In humans and rats, hypomethylation may be induced by low dietary folate and reversed by folate repletion. In a randomized controlled trial, supplementation with 400 µg per day of folate led to an increase in DNA methylation of 31% in leucocytes and 25% in colonic mucosa; however, the statistical effect was marginal [5]. In a similar study, DNA hypomethylation by folate repletion was reversed with supplementation of 286–516 µg for 3 weeks [6]. Notably, DNA hypomethylation reversibility depends on folate depletion duration. In a study conducted in rats with folate deficiency for 9, 18, 24, and 36 weeks, the repletion of the adequate folate diet just increased the DNA methylation in those with 9 weeks of folate depletion [7], which suggests that hypomethylation is not reversibly after prolonged folate deficiency.

2. Choline and Betaine

Choline is an essential nutrient involved in synthesizing the neurotransmitter acetylcholine, methyl group donor, betaine, and phospholipids. It has also been associated with preventing cognition alterations, hepatic steatosis, cardiovascular disease, and cancer. Choline also has a relevant role in epigenetic regulation through SAM synthesis (Figure 1) during its oxidation to betaine [8].
Studies of global and gene-specific DNA methylation in rodent models exposed to a maternal choline-deficient diet showed global and specific hypomethylation of cyclin-dependent kinase 3 (CDKN3), calbindin1, and vascular endothelial growth factor (VEGF-C) genes. Notably, this study also observed global hypomethylation but gene-specific hypermethylation of insulin-like growth factor-2 (IGF-2) [9]. This demonstrates that methyl donor nutrients could act differently by depending on global or gene-specific methylation and by depending on the gene evaluated; however, more studies are necessary to prove this theory. Another similar study has demonstrated that Maternal choline supply modifies fetal histone and DNA methylation in rat fetal liver and brain, suggesting that choline exerts epigenetic mechanisms during stages of embryonic development [10].
Betaine is a nonessential nutrient found in several food sources and can be synthesized from choline; it has an essential role in DNA methylation, playing as a methyl donor. Recently, it has been suggested that betaine plays an anti-inflammatory role through the betaine NF-κB signaling pathway, and NLRP3 inflammasome inhibition [11]. Due to its epigenetic and anti-inflammatory effects, adequate choline and betaine intake should be ensured in SLE patients.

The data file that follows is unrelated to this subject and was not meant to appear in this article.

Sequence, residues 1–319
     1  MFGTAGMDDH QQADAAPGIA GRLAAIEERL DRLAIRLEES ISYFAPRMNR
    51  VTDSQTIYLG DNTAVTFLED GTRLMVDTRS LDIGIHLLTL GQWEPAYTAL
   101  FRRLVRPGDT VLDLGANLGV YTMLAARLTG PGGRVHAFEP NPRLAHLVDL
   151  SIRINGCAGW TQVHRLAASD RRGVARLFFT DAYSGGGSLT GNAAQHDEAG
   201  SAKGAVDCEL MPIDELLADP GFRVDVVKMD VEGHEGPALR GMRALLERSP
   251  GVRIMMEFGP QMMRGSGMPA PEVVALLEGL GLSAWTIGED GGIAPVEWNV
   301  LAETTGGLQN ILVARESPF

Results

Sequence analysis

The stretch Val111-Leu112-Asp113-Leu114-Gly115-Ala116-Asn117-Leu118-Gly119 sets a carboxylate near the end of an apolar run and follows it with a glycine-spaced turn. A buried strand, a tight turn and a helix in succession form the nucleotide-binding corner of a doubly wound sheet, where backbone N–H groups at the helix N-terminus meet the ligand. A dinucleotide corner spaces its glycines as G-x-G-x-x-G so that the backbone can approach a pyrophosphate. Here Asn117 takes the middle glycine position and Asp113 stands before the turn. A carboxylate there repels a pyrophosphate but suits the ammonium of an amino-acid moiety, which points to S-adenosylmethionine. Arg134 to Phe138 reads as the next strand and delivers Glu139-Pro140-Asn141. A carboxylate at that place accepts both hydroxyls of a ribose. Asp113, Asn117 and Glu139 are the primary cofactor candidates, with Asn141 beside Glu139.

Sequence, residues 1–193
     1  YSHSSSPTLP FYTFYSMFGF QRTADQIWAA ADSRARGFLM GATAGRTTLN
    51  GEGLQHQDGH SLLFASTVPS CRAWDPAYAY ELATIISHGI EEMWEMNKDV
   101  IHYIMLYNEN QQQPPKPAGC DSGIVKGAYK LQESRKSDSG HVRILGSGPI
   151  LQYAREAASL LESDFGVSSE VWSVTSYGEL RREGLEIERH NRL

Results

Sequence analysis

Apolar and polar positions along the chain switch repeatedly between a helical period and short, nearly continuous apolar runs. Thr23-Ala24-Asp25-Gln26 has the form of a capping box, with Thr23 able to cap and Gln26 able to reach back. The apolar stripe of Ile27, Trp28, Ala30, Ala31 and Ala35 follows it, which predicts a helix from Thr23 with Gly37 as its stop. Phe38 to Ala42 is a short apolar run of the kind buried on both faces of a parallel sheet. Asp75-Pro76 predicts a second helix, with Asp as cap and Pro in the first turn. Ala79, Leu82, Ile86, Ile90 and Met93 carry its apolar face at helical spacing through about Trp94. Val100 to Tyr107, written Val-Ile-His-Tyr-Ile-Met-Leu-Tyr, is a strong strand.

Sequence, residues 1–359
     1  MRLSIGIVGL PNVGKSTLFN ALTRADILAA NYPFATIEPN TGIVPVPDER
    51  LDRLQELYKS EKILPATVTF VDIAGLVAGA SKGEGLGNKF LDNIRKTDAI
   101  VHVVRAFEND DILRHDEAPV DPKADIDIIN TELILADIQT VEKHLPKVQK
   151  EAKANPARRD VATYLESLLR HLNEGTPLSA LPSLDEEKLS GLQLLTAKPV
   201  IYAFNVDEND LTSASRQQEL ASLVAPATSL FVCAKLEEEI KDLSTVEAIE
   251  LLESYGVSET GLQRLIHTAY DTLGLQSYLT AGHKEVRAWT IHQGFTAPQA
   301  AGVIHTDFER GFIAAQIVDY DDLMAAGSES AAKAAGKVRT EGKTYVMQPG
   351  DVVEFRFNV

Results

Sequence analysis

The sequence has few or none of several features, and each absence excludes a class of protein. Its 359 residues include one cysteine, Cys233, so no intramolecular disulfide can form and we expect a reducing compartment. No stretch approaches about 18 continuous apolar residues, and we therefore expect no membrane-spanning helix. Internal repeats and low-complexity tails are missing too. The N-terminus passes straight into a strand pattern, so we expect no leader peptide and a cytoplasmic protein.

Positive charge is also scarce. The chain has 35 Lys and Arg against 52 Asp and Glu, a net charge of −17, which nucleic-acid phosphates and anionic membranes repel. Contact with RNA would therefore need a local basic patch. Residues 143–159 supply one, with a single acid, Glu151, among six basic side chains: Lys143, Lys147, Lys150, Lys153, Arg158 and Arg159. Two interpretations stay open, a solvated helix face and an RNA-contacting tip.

3. B Vitamins

B vitamins comprise a group of water-soluble vitamins that perform essential cellular functions in catabolic and anabolic enzymatic reactions [12] but also play a relevant role in epigenetic regulation, acting as methyl donors or as cofactors on the one-carbon metabolism (Figure 1) [13].
Vitamin B12, also known as cobalamin, in one-carbon metabolism acts as a cofactor for the enzyme methionine synthase; thus, it is a regulator of DNA methylation [13]. Cobalamin deprivation induced global hypomethylation in a murine model, even when combined with a folate-rich diet [14]. This indicates that the high consumption of other methyl donors cannot compensate for the cobalamin deficiency. Vitamin B12 could also directly affect the immune system; its deficiency has been associated with TNF-alfa overproduction [15]; thus, adequate cobalamin consumption may have anti-inflammatory effects on SLE.
Pyridoxine or vitamin B6 serves as a coenzyme in the transfer of a one-carbon unit from serine to tetrahydrofolate (THF) to generate glycine and 5,10 methylenetetrahydrofolate (MTHF) [13]. Moreover, its role in methylation, it has been reported that B6 deficiency results in inflammation and has been involved in inflammatory diseases, such as rheumatoid arthritis [16]; however, there is no evidence of its specific role in SLE.